Copper Storm | 1400mm x 700mm | Mixed media on burnt and weathered copper sheet, using acid for chemical reactions

My association with the Society of Women Artists

I have been a full time artist for nearly 20 years. After art college and a number of years working in various global cities as a commercial interior designer, I started painting for pleasure.

In 1996 I founded Blue Lias Gallery in Lyme Regis, where I sold my paintings alongside other carefully selected 2D and 3D regional artists. The demand for my work gave me confidence and in 2003 I sold Blue Lias to focus on developing my art and pioneer new painting techniques.

Inspirations have come from my rural childhood, life on the Jurassic Coast and numerous extended travel periods, sometimes for a year at a time, encountering astonishing landscapes and cultures over 6 continents. I make sketches and take photos to capture moments which can be used later to develop ideas.

I currently enjoy creating skies and landscapes. I want my work to connect with emotions and offer 'escapist' meditation. The techniques I use have gone through a number of developmental phases over the years. I started with canvas and became interested in using various textural materials, site-specific earth elements, prolonged exposure to the elements, dipping works into the sea, using pastels and spray paints to produce the effects I wanted.

The process of weathering and slow change drew me to experiment with metal sheets and the effects of chemistry, heat and weathering to create patination foundations that I could develop with traditional art materials. I have been refining my techniques and I use different metals for different effects.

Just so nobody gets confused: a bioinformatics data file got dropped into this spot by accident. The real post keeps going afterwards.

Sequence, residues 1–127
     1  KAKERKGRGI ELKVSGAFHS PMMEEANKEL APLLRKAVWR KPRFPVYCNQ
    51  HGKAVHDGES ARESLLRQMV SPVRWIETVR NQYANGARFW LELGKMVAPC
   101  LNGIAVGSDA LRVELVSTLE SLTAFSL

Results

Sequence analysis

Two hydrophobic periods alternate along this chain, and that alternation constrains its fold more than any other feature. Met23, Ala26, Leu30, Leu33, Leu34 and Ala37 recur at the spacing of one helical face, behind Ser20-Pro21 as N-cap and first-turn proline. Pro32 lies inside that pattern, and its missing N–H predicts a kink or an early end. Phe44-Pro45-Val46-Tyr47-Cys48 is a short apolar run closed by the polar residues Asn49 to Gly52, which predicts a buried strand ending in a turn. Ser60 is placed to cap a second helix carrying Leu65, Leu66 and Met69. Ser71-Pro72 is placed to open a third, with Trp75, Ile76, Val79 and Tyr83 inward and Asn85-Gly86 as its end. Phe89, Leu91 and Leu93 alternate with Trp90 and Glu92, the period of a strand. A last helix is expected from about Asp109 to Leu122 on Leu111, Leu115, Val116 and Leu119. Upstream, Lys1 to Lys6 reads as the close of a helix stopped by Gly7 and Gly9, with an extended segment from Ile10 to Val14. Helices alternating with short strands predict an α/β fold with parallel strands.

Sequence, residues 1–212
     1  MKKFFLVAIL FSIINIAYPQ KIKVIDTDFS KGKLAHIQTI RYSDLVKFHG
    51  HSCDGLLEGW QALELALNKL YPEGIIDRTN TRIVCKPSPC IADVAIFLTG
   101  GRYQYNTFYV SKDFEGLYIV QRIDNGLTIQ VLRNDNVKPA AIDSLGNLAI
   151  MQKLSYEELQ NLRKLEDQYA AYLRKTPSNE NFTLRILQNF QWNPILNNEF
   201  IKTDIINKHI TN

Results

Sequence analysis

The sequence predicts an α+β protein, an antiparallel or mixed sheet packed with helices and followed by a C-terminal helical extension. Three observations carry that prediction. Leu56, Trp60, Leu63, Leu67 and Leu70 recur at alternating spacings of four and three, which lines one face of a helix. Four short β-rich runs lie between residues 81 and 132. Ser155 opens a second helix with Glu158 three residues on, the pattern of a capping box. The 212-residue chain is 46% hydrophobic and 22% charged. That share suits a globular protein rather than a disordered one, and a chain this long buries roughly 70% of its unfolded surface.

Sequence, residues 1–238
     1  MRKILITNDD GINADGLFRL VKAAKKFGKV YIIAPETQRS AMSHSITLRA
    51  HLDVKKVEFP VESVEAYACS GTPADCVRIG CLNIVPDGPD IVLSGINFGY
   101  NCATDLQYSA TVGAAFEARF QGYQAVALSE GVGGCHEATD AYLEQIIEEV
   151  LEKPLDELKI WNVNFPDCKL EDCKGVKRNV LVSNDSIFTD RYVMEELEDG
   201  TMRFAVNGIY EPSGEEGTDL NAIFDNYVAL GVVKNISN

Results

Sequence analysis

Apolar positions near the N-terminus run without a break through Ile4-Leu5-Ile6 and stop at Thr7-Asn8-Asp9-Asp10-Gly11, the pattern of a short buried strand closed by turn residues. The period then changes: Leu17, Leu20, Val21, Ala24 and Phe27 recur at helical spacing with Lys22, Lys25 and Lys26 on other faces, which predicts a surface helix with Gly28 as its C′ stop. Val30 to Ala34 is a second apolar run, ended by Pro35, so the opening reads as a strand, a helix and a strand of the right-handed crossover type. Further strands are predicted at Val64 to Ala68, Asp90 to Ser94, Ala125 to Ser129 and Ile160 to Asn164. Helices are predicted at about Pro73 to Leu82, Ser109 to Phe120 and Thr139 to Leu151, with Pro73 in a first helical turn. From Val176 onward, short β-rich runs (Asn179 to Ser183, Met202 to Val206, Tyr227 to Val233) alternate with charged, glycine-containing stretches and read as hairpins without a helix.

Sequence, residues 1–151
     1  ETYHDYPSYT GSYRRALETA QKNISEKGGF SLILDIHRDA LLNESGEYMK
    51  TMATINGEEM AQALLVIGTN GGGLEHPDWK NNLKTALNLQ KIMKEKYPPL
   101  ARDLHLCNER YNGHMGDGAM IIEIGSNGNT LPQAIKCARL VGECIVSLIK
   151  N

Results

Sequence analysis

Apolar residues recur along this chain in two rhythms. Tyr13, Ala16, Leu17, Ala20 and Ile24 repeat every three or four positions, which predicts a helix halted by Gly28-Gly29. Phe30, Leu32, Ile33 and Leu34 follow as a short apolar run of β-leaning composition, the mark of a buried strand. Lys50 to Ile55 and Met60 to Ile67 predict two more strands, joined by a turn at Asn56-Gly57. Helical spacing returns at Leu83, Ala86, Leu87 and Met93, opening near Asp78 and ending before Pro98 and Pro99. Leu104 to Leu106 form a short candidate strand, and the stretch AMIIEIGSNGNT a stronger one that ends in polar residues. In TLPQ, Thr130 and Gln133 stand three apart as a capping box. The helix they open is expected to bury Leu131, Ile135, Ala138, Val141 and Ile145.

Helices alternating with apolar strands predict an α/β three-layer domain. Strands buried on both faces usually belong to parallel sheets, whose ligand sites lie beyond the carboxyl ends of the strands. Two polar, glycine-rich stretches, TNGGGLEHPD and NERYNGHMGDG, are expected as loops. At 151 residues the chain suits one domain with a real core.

Using metal as a foundation gives a depth of luminosity that canvas and other supports can't give. It is easy to go too far and overwork an image, so I often take away materials that I've added, to expose the metal again and restore its vitality and brilliance.

My garden is my studio. My tools are bonfires, various acids and alkalis, grinders, scrapers, brushes, pastels, inks, sprays and natural weathering. Work can be left in my garden to develop for weeks or even months, opening up surface possibilities.

Working with science and nature in this way frequently gives unexpected results, especially with the uneven heat of fires and exposure time. It introduces an element of chance, creating irregular patterns, a sense of movement and drama which challenges me as an artist to develop. Each painting is therefore very individual and hard to reproduce.

I love making a living this way and it has been great to be recognised and appreciated by artist peers, with my work shown at the annual open exhibitions in the Bath Society of Artists (2019), The Royal Society of Marine Artists (2017) and for 5 consecutive years, with the Society of Women Artists (2017 - 2021).

I am thrilled to have been invited by SWA to become an Associate Member. During the SWA annual exhibitions I have always been made to feel welcome and supported.